Rural community colleges see declining enrollment due to pandemic

When the economy collapsed in 2007, community college enrollment skyrocketed, increasing 33% between 2006 and 2011, according to the US Census Bureau. The two-year programs offered people a haven from the ravages of the job market, while giving them the opportunity to learn new skills, update old ones, and retrain for an uncertain economic future.

The Covid-19 pandemic has brought about similar economic problems, but unlike the Great Recession, community college enrollments are plummeting, falling 9.5% last year, according to a study by the National Student Clearinghouse Research Center.

Although college enrollment declined 4.5% on average across all types of institutions, the declines were most pronounced for rural community colleges (-9.9%) and urban community colleges (-10 , 3%).

The data also suggests that the pandemic has had a disproportionate impact on rural students. Last December, the National College Attainment Network reported that the number of rural students who completed the Free Application for Federal Student Aid (FAFSA), an important indicator of students’ intentions to go to college, fell by more than 18%, 2 percentage points lower than those of urban students.

In a report by the Association of Community College Trustees, Rachel Rush-Marlowe described several of the reasons why rural students are less likely to attend college than their urban and suburban peers. These include financial barriers; Household incomes in rural areas were 20% lower than in non-rural areas before the Covid-19 pandemic, according to a 2017 report from the US Department of Agriculture Economic Research Service. This economic disparity has likely widened further over the past year, as many small rural businesses have closed and rural unemployment rates have exceeded the national average.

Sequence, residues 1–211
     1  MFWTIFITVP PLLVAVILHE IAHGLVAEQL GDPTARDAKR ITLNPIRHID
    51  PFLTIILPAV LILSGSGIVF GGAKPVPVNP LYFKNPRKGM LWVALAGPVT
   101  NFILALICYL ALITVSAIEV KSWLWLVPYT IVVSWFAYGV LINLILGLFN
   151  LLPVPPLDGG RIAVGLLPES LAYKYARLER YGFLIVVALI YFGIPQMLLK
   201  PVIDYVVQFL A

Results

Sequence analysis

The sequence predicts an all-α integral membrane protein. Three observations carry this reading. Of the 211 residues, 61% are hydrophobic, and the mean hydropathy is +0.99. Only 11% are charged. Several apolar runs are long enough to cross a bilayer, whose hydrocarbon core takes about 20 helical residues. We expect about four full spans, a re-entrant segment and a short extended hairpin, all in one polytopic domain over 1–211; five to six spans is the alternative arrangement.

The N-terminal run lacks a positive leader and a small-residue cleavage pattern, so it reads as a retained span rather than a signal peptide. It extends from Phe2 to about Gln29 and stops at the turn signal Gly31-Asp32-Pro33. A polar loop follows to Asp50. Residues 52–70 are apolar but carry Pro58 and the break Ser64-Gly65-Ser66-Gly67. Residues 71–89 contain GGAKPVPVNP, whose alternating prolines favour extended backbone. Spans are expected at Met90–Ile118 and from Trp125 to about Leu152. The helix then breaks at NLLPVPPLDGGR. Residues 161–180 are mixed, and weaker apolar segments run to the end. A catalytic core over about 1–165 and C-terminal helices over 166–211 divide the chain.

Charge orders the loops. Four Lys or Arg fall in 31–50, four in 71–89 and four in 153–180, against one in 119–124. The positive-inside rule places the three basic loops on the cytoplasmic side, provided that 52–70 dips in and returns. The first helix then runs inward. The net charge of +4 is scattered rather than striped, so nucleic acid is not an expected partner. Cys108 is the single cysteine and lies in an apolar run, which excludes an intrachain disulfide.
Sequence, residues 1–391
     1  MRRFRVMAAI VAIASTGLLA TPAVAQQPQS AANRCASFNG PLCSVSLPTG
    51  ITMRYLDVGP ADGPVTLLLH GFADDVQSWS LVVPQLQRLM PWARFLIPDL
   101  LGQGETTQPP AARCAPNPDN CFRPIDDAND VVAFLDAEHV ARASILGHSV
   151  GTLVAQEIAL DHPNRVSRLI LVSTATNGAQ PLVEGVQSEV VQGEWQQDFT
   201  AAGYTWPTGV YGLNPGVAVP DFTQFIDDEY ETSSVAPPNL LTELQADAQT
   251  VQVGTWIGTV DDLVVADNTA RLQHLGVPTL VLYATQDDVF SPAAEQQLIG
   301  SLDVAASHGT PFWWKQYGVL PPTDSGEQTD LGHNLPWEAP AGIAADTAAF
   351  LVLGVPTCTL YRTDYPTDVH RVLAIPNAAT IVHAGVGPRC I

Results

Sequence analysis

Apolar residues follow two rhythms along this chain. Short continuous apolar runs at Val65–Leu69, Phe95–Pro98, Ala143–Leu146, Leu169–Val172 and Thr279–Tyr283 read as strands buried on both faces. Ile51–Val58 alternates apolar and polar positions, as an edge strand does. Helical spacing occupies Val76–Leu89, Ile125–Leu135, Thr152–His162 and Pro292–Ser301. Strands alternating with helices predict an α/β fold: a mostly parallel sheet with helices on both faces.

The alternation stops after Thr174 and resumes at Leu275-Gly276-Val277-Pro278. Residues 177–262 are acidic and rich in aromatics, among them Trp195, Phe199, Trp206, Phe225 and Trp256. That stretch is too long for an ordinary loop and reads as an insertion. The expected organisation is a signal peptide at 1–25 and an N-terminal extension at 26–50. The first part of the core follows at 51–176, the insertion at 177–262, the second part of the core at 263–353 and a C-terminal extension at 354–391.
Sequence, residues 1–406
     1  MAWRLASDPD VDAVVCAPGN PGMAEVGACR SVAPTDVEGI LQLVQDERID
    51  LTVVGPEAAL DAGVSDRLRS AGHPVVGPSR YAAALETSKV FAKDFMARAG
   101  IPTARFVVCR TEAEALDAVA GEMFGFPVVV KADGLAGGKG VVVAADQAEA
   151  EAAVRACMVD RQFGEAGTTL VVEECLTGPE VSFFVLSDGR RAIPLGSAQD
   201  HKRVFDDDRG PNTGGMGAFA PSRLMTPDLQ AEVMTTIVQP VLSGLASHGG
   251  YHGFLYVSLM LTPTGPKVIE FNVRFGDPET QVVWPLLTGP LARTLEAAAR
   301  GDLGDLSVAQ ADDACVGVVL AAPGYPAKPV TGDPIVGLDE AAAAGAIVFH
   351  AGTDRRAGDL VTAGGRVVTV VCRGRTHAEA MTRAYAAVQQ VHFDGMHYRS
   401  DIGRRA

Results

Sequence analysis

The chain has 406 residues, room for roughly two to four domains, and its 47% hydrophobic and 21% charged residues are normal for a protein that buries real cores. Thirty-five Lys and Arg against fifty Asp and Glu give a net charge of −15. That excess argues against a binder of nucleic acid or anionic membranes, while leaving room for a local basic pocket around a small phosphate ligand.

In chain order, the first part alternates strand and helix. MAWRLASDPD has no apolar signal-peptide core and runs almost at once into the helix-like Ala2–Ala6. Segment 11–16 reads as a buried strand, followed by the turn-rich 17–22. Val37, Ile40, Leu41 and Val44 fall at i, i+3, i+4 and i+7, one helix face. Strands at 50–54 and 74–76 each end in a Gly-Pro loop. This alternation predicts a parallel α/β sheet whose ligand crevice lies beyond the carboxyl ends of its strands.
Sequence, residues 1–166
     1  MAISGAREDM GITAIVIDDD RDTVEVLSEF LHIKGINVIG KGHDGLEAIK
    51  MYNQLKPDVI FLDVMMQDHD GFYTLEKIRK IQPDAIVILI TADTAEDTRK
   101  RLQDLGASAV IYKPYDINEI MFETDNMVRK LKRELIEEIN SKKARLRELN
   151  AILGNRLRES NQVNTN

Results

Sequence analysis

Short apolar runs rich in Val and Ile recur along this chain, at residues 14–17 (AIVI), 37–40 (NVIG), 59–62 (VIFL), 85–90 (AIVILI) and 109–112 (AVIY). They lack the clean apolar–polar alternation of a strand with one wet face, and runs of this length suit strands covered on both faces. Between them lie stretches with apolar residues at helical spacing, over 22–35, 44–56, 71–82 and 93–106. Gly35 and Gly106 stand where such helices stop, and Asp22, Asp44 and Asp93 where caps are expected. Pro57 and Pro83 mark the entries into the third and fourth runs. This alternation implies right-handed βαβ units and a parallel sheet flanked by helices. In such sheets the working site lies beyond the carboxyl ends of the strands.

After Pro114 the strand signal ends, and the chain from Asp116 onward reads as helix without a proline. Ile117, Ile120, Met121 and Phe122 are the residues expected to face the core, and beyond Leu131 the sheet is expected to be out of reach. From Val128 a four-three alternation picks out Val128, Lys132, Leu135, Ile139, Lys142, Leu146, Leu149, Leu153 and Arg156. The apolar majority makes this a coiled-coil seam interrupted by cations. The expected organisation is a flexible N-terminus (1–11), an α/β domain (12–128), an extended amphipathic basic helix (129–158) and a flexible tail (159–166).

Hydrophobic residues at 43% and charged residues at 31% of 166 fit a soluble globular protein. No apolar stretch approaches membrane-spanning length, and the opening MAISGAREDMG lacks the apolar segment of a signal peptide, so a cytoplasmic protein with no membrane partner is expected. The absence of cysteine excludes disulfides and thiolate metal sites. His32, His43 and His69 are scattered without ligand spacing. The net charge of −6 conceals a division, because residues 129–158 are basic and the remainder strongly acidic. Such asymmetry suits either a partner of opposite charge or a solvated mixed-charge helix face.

Rural students are also more likely to be first-generation college students and are less likely to perceive a college degree as a high priority. In addition, “attending university is often seen as a barrier to full-time work, and those who attend school may be seen as selfish, a burden on their family, or shirking real responsibility.” Rush-Marlowe wrote in the report.

These barriers have always existed for the estimated 600 to 800 rural community colleges across the country (competing definitions of rural at the federal level make it difficult to estimate the exact number). But the Covid-19 pandemic has made these problems worse.

One of the challenges is that the regular outreach and recruitment routes of rural community colleges have been hampered by the pandemic. “Their recruitment before the pandemic relied on using in-person sites such as local clubs, churches and high school football games,” Rush-Marlowe wrote. “Without local television or radio stations, and with the cancellation of in-person events, many rural colleges found themselves with few methods of promoting their services.”

Perhaps the most important factor is that the pandemic has been particularly harsh on some of the demographics that make up a significant portion of rural community college students, especially high school students enrolled in dual credit programs and students who raise families.